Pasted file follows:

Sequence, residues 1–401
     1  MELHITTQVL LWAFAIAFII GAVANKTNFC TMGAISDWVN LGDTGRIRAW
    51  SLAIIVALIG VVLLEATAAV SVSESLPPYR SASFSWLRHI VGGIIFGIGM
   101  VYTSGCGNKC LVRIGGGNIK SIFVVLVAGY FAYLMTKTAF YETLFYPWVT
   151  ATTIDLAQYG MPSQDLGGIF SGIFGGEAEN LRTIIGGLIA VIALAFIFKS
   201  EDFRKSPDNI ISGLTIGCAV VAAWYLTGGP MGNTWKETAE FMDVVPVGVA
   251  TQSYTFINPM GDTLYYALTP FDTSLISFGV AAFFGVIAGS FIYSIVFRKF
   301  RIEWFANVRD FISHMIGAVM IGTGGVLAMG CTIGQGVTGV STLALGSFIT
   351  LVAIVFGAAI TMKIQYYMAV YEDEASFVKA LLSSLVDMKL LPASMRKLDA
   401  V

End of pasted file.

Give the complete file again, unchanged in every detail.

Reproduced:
Sequence, residues 1–401
     1  MELHITTQVL LWAFAIAFII GAVANKTNFC TMGAISDWVN LGDTGRIRAW
    51  SLAIIVALIG VVLLEATAAV SVSESLPPYR SASFSWLRHI VGGIIFGIGM
   101  VYTSGCGNKC LVRIGGGNIK SIFVVLVAGY FAYLMTKTAF YETLFYPWVT
   151  ATTIDLAQYG MPSQDLGGIF SGIFGGEAEN LRTIIGGLIA VIALAFIFKS
   201  EDFRKSPDNI ISGLTIGCAV VAAWYLTGGP MGNTWKETAE FMDVVPVGVA
   251  TQSYTFINPM GDTLYYALTP FDTSLISFGV AAFFGVIAGS FIYSIVFRKF
   301  RIEWFANVRD FISHMIGAVM IGTGGVLAMG CTIGQGVTGV STLALGSFIT
   351  LVAIVFGAAI TMKIQYYMAV YEDEASFVKA LLSSLVDMKL LPASMRKLDA
   401  V